As the current tax year comes to an end and new legislation looks set to kick in, Matthew Lester is sinking his teeth into the countless issues on the go. The key question revolves around Provident Fund Preservation and its pros and cons. The current battle looks at choice, and as Lester says the unions are all about this, and the new legislation takes that away. While government is trying to relieve future state dependency. It’s a classic example of two opposing chains of thought, where a middle ground is hard to fathom but Lester gives it a crack. He calls it Nene’s last stand and says the discussion will surely be revisited this year, as there’s much work to be done and this is not the area of concern. – Stuart Lowman
By Matthew Lester*
‘You can’t polish a turd’ or so the saying goes. And they have even gone as far as proving that on the TV series ‘Mythbusters’.
The turd in this case is the business of preservation of provident fund benefits introduced by the latest income tax amendments, effective from 1 March 2016. Lets put it down as the last stand of past finance minister Nene. And the unions are not letting the issue go, threatening strike action and more.
There can be little doubt that provident fund preservation will be revisited during 2016. It should be. Fortunately time is on our side as only the wealthiest taxpayers could ever be affected in the short-term.
Compulsory preservation of provident fund benefits only comes into play where the value of contributions and growth after 1 March 2016 exceeds R247 500. Few will achieve that in the short term.
All benefits accumulated before 1 March 2016 plus any growth thereon will be exempt from preservation. And provident fund members over 55 on 1 March 2016 will never be affected by preservation.
Unions are pro choice. They argue that it’s the members’ choice. And given our very liberal constitution freedom of choice is a very valid point. If a provident fund benefit is cashed in and used to pay off debt, establish a micro business or even squandered, the member has the right to do so.
The counter argument is that if the provident fund benefit is spent the member becomes a dependent on the State and others.
Then add that a benefit of R247 500, after payment of a one-third lump sum will leave R162 500 to purchase an annuity. That will buy an annuity of about R1 000 per month. And that hardly amounts to the dot in the i in the word sh%t.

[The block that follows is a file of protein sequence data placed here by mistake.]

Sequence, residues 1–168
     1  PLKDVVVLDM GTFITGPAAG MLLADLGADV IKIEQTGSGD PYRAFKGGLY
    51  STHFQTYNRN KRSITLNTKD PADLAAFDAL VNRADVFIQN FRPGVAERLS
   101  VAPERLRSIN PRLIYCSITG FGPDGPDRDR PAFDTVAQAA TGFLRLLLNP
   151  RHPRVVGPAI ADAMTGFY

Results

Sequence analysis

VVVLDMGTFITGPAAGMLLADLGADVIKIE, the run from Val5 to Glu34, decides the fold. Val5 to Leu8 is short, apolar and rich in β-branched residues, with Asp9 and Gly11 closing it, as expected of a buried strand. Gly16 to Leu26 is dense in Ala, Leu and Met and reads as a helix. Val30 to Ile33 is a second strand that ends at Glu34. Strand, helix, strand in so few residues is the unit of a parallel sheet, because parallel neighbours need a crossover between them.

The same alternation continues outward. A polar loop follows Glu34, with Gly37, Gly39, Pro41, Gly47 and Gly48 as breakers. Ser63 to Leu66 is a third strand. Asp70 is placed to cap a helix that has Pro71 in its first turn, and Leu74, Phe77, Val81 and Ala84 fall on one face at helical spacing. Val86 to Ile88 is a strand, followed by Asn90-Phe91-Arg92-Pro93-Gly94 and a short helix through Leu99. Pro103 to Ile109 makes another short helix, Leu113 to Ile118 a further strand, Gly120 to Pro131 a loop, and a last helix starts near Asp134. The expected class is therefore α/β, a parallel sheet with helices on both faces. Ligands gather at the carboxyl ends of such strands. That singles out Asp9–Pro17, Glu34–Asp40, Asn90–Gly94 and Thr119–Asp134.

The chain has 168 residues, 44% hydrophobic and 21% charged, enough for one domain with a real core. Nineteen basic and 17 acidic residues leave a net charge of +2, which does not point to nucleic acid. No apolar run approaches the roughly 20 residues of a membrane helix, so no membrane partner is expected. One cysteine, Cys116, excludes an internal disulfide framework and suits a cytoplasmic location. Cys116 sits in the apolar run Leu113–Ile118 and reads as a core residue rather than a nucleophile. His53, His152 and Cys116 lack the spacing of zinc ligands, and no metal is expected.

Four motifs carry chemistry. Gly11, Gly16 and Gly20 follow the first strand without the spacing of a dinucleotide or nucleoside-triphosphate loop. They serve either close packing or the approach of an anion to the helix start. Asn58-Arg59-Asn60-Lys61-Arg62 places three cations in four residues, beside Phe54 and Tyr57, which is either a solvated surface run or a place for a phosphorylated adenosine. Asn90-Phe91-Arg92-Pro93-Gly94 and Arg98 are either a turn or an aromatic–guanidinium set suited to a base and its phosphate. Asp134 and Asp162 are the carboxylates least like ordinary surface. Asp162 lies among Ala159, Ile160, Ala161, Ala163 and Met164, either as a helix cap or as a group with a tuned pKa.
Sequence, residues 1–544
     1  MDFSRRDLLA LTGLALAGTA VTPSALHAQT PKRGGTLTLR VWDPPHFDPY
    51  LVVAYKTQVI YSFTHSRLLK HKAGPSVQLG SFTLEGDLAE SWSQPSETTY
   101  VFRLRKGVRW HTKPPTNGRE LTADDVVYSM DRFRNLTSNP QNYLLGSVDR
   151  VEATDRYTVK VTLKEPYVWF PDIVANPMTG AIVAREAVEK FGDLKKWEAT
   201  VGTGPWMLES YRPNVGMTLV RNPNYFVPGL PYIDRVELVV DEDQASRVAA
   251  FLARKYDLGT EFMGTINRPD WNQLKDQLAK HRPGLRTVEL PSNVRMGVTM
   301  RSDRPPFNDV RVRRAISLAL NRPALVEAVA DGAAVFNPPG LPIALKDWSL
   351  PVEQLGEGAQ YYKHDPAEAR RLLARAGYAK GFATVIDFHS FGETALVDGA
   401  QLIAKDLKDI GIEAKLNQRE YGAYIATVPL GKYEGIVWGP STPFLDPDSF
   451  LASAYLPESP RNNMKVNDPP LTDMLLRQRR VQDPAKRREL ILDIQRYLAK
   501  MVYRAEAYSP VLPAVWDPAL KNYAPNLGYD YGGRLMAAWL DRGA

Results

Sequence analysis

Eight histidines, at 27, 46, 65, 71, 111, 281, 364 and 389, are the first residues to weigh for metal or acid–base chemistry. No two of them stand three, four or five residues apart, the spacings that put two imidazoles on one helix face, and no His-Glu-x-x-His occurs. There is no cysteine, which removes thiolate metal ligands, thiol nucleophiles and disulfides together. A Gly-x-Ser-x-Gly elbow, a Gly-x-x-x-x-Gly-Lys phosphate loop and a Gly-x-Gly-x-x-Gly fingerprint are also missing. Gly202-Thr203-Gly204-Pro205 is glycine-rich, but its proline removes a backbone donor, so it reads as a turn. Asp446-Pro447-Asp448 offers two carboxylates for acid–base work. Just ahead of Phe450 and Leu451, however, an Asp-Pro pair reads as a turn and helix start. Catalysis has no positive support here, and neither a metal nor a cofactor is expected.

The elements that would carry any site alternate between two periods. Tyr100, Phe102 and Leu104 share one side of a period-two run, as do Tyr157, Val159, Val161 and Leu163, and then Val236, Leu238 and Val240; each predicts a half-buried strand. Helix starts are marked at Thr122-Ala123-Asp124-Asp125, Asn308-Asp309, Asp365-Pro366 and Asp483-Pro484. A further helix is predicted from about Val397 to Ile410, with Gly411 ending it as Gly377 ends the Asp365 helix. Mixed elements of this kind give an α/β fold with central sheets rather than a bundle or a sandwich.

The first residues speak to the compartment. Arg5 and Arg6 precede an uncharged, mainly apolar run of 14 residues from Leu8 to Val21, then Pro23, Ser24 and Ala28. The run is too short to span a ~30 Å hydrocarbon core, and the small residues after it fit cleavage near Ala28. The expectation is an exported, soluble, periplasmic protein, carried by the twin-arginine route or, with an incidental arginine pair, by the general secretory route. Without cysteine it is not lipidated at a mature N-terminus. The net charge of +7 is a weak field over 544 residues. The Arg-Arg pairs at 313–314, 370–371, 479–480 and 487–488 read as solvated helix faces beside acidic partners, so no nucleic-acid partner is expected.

The problem I foresee is that compulsory preservation can easily be avoided through resignation rather than retirement. The only difference is that a resignation benefit is taxed from R25 000 upwards and a retirement benefit only from R500 000 upwards. So you can have the money if you want to pay the tax (in most cases 18%.)
If provident fund preservation is the answer then the preservation threshold should be substantially increased. If all retirement fund lump sums can be tax-free up to R500 000 then surely the preservation threshold should be the same. If this threshold is increased with inflation (as it never has been) most lower income taxpayers would be exempt from both taxation and preservation.
I wonder if finance minister, Pravin Gordhan will revisit provident fund preservation in the National Budget Speech on 24 February 2016. Or will he follow those famous words of Harry Truman ‘Don’t kick a fresh turd on a hot day?’
Provident fund preservation is only one issue in the disaster that is financial planning in SA today. Over the past 30 years employers have successfully side-stepped the responsibility of providing pensions by bullsh$tting employees away from defined benefit pension funds towards defined contribution provident funds. And nobody stopped to properly educate the employees on all the implications.
There is much work to be done!
* Rhodes University Professor Matthew Lester was educated at St Johns College, Wits and Rhodes universities. He is a chartered accountant who has worked at Deloittes, SARS and BDO Spencer Steward. A member of the Davis Tax Committee investigating the structure of aspects of the RSA tax system, he is based in Grahamstown.
By Mattew Lester